Oh, you can see I accidentally made a selection of the parts of that little piece down there on the guitar, so let's zoom out a little bit, and let's move this guys over. That's the easiest way to do that. Make it dark, there we go, and then, grab the Lasso tool and just grab all these interior pieces here. There we go, give that a nice kind of beveled edge, move that back in right where it needs to go. There we go. Now, I'm just gonna do this last part right here this little black circle. Object, Create Gradient Mesh, and see it creates kind of a crazy Gradient Mesh because of the fact that the bounding box is not reset, but that's okay, I'm just gonna go 4 by 4, hit OK, let's zoom in here, select this guy right here, and then start adding in just a little bit of highlighting.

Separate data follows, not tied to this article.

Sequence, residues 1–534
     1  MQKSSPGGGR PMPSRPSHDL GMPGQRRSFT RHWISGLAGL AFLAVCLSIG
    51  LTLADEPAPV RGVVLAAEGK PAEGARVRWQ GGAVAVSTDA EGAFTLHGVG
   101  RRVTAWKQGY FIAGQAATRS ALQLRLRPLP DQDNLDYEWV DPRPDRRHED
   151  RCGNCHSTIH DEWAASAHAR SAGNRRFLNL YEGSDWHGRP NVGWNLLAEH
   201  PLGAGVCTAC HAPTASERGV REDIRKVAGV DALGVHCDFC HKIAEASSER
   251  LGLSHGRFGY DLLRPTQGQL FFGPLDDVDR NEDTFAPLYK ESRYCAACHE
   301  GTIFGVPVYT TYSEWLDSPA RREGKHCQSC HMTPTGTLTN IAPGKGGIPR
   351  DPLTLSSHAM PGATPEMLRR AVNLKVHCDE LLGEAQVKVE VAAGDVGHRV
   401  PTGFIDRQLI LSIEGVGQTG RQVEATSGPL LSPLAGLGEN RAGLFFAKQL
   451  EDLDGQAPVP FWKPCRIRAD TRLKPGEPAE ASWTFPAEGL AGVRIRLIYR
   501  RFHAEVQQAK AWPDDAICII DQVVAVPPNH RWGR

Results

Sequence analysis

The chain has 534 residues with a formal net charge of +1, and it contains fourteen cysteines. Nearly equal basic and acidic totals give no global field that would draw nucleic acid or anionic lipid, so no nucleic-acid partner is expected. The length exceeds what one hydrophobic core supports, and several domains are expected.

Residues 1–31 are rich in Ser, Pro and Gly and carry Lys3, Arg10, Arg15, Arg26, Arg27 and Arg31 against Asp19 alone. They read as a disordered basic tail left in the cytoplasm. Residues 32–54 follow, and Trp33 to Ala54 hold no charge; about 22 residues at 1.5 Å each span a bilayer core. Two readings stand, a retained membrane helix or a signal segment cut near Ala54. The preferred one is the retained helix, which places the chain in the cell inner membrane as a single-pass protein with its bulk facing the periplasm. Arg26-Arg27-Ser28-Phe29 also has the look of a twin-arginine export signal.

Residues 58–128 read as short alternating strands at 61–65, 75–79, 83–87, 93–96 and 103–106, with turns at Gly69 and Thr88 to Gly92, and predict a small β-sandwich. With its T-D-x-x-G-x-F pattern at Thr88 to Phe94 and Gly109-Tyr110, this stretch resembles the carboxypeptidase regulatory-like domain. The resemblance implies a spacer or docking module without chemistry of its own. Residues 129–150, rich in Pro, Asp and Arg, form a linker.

Not doing anything crazy though, just a little bit of highlighting right there. There we go, and I think I might have gone too far on that. Let's push that back in, let's get that right here, and let's make that just black. There we go, that looks good. We can also manipulate the point here just kinda bring it back a little bit 'til it's right along that edge. There we go, back up, there we go. Pretty much our completed guitar design. Now, you could add as much Gradient Mesh points as you want to anything else in here, but I think that looks pretty darn good, and when I go to the File menu, and we go, and let's just Save As a PDF really quick.
Let's go to the Desktop, save this as a PDF, and, let's just keep everything, let's change the Preset to High Quality Print. Save PDF, there we go, and if we open up the Preview App on the Mac, you could also use Acrobat if you wanted to. We can open this thing up, guitar-mesh, and there is my completed poster design, which looks really super cool with all of the different Gradient Mesh points that I put on there. I have also included in your Exercise Files a wood grain texture.